HOUSTON — Jason Shurb alleges the University of Texas Health Science Center at Houston-School of Medicine and The Methodist Hospital jeopardized his pursuit of a medical degree.
A lawsuit filed Feb. 4 in the Houston Division of the Southern District of Texas claims the school failed to accommodate his disability as well as removed him from classes after acquiring apparent misinformation about the plaintiff from the hospital, which had him as a patient.
Patricia E. Carver, the director of Admissions and Student Affairs at the university; Giuseppe N. Colasurdo, the school’s dean; Margaret C. McNeese, the Associate Dean for Admissions and Student Affairs; and numerous unidentified individuals are co-defendants in the litigation.
Shurb, 26, enrolled at the university in 2009 after graduating summa cum laude from Texas A&M University.
Upon matriculating at the institution in question, the plaintiff, who suffers from certain mental ailments and migraines, joined its Alternative Pathway program that splits the first year of studies into two years on the advice of one of the assistant deans.
The original petition explains that Shurb first sought an accommodation in one of his classes, and despite his continuous requests, the professor failed to respond, adding the complainant and his mother wrote to Colasurdo to no avail.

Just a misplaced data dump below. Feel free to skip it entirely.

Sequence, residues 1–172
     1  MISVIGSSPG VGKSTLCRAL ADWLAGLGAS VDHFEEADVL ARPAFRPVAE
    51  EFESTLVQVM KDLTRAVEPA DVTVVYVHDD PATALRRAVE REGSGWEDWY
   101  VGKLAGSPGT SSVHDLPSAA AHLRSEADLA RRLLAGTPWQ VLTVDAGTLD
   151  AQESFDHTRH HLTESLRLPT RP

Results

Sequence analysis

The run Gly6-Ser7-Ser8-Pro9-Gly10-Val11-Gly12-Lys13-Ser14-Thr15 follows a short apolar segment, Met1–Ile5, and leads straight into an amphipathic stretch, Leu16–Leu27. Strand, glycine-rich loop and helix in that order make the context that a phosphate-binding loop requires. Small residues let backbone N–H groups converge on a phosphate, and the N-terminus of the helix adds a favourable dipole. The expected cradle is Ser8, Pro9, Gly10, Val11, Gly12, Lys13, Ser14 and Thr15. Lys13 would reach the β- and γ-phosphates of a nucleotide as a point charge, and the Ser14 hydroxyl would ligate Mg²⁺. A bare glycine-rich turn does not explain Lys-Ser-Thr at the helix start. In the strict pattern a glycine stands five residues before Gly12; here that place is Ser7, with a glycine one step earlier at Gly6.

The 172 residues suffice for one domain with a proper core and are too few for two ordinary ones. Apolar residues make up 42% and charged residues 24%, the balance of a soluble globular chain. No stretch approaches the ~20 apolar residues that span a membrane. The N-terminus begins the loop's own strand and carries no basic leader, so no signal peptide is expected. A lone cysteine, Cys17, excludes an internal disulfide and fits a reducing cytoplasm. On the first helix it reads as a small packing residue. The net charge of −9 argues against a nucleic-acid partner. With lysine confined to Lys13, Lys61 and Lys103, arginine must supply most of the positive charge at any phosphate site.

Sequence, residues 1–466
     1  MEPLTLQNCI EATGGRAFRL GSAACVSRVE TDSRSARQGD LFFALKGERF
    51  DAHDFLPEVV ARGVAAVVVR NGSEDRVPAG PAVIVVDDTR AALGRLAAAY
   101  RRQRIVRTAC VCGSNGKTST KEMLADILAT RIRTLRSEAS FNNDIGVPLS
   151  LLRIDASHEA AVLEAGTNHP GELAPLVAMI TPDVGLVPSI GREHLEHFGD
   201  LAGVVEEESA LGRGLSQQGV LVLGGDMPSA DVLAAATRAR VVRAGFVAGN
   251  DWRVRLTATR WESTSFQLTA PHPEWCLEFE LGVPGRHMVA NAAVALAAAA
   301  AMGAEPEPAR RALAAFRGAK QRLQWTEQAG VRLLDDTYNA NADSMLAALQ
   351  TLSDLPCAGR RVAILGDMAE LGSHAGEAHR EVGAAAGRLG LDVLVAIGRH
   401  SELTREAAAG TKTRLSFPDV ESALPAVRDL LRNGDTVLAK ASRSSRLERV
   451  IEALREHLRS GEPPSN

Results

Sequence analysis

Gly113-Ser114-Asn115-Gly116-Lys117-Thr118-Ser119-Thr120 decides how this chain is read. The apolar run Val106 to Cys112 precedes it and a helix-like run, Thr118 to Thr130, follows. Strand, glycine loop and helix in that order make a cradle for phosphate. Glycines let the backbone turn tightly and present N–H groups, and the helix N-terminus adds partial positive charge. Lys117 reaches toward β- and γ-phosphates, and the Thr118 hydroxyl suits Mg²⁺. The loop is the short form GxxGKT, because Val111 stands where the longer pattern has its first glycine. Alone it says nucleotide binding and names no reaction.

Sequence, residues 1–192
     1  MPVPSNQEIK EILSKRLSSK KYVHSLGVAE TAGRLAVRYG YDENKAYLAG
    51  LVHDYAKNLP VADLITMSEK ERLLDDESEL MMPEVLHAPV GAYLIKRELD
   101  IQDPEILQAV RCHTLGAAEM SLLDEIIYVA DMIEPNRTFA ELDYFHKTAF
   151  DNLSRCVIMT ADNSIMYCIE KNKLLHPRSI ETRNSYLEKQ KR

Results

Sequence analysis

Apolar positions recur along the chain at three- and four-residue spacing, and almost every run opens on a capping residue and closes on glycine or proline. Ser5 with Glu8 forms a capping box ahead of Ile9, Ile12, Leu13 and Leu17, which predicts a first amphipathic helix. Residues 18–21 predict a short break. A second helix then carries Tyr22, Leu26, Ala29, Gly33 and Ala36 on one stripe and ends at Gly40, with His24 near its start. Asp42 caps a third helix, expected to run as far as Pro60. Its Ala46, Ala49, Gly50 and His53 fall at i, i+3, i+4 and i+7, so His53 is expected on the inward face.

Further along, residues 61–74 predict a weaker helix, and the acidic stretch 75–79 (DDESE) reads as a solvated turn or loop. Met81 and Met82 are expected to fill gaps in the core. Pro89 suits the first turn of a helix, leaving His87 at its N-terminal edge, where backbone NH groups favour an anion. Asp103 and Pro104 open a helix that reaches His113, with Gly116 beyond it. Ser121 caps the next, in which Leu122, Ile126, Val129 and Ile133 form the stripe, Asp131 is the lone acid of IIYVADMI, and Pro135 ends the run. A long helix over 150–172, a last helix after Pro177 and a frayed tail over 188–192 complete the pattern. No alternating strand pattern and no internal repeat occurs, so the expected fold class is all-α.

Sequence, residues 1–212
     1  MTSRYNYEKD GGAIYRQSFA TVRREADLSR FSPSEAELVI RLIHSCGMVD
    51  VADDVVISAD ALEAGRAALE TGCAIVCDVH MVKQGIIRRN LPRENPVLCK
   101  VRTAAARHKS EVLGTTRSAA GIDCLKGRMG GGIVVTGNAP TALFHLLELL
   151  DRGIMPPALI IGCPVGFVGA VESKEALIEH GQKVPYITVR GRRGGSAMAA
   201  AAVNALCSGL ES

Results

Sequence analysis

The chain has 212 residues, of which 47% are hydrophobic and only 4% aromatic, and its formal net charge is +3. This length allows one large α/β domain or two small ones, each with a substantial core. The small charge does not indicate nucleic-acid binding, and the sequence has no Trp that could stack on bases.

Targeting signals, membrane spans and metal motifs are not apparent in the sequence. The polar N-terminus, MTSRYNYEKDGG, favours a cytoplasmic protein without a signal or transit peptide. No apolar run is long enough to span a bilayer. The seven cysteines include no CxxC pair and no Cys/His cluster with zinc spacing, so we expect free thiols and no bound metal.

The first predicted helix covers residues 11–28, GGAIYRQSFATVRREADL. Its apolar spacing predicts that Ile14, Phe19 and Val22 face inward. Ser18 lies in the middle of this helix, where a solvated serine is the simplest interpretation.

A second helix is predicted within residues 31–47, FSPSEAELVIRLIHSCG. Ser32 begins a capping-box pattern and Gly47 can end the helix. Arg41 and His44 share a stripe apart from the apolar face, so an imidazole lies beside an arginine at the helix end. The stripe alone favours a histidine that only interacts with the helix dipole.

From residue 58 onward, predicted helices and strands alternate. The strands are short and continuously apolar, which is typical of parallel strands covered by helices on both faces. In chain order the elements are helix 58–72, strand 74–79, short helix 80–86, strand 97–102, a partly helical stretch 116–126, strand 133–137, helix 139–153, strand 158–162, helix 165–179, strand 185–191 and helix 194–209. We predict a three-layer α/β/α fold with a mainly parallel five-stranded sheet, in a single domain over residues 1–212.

In September 2011, Shurb was hospitalized at Methodist for almost a week because of an illness.
According to the suit, a physician accused him of attempting suicide from observing certain bruises on his person, even remarking he supposedly drank antifreeze.
It states that rumors of Shurb purportedly inflicting his condition upon himself “began to spread” around Methodist and apparently all the way back to the school.
“While at the hospital, the medical staff was in communication with university personnel,” the suit says.
“Without his permission or consent, Shurb’s confidential medical information records were shared with university personnel by the hospital.”
Shurb was discharged without any special medical or mental health considerations, and he went back to school for approximately 12 days before officials with the university’s student affairs department forced him to leave on Sept. 28, 2011, the original petition states.
The plaintiff shows the school made him leave because it thought he “was a danger to himself or others,” but insists its reasoning was based on “illegally” provided information.
He was told to provide a note stating he was mentally fit though the conditions “were without merit and intruded on his private medical and mental health records” and “in retaliation for both he and his mother strongly advocating on his behalf for accommodations in his educational plan.”
Shurb’s attempts to comply with what he labels the school’s “draconian” conditions were unsuccessful as his efforts resulted in excessive absences and his ultimate withdrawal from a semester in the spring of 2012, the suit says.
Consequently, the complainant seeks a minimum of $75,000 and a jury trial.
Attorney Jason J. Bach of Austin is representing Shurb.
Case No. 4:13-CV-271